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The Creative Issue – News for Creatives | November 29, 2021

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Keeping up with Kiara-Bella Designs

Keeping up with Kiara-Bella Designs
Shona Scalia

What does a day in the life of a young, female fashion designer look like during COVID-19? The Creative Issue chatted to Kiara-Bella Moore about her label, Kiara-Bella Designs, her humble beginnings and how she is getting creative with her business during quarantine.


The Creative Issue: How long have you been in the fashion industry, selling clothes and participating in fashion shows and events?

Kiara-Bella: I’d say probably a year and a half. I started really just launching into events and industry stuff in the last year. But probably two years before that I was building myself to where I am today.

TCI: Where do you draw your inspiration from for your designs?

KB: I absolutely love drawing inspiration from nature and flowers. Just natural beauty from the world. I just get in zone and surround myself with nature. When I’m in a happy place, things just tend to come to me.

TCI: How would you describe your brand to someone that hasn’t seen it before?

KB: I’d say it’s very feminine, very bright. I try to radiate this in my life, just surrounding myself with things and people that are bright and beautiful. Very flowy and a bit classy/boho.

TCI: When did you decide to start your business?

KB: I decided at the end of grade 12. I found the end of high school a really hard time for me in my personal life. So that inspired me to just jump right into my passions and just launch my brand. To start from nothing and just make something over time.

TCI: Were you working all through high school building ideas up of designs?

KB: All through high school I was mainly drawing and then I started to build my own skills and learnt how to make some of the ideas that I had. When I finally made it to the end [of school] I’m like, okay, I can start trying to do this as a business and bring my drawings to life. It’s been a lifelong progression. I’ve always wanted to do fashion since I was tiny. I would draw dresses from when I was three years old, all the way up until now.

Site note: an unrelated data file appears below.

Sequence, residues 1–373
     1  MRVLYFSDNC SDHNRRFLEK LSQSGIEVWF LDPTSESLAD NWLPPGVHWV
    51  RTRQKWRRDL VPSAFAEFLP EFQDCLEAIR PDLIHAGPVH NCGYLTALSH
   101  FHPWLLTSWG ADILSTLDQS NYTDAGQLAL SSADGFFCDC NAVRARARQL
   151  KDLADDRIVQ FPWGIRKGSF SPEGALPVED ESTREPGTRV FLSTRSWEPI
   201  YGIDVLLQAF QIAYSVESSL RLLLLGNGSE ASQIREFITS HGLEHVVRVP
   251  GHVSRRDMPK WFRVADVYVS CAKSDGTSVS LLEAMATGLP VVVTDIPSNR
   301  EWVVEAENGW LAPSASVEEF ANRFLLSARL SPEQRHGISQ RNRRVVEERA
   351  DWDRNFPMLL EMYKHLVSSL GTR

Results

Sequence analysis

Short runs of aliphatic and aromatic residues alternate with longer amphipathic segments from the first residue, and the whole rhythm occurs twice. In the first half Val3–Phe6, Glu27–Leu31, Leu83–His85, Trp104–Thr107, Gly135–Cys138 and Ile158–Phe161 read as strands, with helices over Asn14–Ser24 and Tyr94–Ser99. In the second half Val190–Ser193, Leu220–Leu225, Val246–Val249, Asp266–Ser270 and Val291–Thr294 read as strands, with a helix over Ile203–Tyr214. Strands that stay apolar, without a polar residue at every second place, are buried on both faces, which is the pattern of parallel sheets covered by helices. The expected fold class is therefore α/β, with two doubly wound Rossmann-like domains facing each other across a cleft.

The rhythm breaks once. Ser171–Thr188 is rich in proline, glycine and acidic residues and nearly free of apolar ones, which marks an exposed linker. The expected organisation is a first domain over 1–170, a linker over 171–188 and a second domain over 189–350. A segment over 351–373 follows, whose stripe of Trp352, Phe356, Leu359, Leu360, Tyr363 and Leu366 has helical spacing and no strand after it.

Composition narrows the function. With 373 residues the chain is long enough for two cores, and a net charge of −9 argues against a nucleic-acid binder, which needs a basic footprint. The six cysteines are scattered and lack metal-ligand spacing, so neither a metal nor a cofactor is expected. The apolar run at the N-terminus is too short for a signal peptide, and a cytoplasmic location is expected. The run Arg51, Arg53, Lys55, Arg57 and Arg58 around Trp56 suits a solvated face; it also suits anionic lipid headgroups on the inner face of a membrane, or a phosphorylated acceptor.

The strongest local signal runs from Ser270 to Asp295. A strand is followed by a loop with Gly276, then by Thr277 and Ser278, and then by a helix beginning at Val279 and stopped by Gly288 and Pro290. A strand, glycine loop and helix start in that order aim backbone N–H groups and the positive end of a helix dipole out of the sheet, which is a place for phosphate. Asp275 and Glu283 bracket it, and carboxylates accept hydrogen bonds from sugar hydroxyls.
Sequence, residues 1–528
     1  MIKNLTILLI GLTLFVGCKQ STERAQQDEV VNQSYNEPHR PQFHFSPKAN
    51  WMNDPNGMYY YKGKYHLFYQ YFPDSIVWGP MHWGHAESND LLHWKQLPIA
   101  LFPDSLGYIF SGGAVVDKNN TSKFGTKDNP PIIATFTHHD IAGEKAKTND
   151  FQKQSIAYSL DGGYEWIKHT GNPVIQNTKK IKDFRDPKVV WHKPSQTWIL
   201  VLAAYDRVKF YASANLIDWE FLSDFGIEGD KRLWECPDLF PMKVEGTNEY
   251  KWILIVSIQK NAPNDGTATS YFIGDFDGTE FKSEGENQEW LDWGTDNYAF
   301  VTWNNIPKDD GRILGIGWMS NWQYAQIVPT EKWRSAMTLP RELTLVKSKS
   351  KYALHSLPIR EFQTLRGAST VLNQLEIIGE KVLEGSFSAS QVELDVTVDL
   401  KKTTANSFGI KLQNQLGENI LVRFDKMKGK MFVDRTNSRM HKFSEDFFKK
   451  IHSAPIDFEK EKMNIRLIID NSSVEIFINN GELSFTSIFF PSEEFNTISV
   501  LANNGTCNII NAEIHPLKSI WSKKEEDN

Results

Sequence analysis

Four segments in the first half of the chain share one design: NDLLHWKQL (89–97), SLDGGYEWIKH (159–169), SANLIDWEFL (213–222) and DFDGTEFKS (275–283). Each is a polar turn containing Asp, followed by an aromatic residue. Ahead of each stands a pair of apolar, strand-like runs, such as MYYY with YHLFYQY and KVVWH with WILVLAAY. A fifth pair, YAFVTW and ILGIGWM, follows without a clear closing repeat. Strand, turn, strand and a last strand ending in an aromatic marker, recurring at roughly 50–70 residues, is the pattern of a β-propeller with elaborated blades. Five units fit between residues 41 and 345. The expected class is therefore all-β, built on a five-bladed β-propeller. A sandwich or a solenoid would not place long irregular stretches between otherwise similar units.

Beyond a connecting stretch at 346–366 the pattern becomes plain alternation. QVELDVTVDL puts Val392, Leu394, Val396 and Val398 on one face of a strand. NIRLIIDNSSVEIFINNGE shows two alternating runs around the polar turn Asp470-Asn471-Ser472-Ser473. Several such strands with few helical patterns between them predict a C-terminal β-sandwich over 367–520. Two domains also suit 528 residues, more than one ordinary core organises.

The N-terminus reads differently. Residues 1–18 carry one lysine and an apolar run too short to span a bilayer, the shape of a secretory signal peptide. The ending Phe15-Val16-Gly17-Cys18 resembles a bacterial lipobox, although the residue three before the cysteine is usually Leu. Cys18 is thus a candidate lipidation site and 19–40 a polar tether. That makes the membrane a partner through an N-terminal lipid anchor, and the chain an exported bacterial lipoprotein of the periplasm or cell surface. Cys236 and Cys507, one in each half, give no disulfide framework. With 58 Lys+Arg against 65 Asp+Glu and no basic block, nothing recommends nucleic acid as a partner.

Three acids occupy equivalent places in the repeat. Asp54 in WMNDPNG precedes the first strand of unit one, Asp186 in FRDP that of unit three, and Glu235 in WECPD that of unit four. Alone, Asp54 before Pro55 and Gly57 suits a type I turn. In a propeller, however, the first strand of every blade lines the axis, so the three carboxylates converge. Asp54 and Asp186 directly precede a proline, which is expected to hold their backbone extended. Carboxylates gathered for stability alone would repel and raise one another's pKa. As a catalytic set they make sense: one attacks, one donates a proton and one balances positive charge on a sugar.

TCI: So, it’s really been your whole life?

KB: Yeah, my entire life. From when I could hold a pencil, I have just loved drawing dresses. And fashion, I have always been obsessed. My preschool teacher was at my graduation and she said, “I remember when you were in preschool and you used to come with several outfits, so you could change throughout the day”.

TCI: Has your business grown much since you’ve started?

KB: Yeah, I’d say it’s a slow process to build that authentic clientele. It’s definitely grown so much since I started. When I started, it was literally a little Facebook community and now I’ve been able to do a website, events and just have people recognise me in my Brisbane area. It’s definitely been able to get to a point where it’s not just like a little social media hobby, it’s more so a registered label. It just keeps growing over time as you just build into it. It’s definitely not easy and it’s not sudden, it’s something that takes time.

TCI: Do you feel like there’s a lot of competition in the industry or is there a lot of support amongst other labels similar to yourself in the Brisbane fashion scene?

KB: I definitely find a lot of the like-minded, young designers with me have been able to connect really well, it’s been a really positive interaction. But the industry itself, I find it’s extremely competitive and hard to keep up, especially with fast fashion as opposed to a hand-made, customised label. It’s very saturated and hard to compete. But at the same time, you have just got to stay true to your niche and trust that you can build that, and people will appreciate it.

TCI: What did a regular day in the life of Kiara-Bella look like before COVID-19?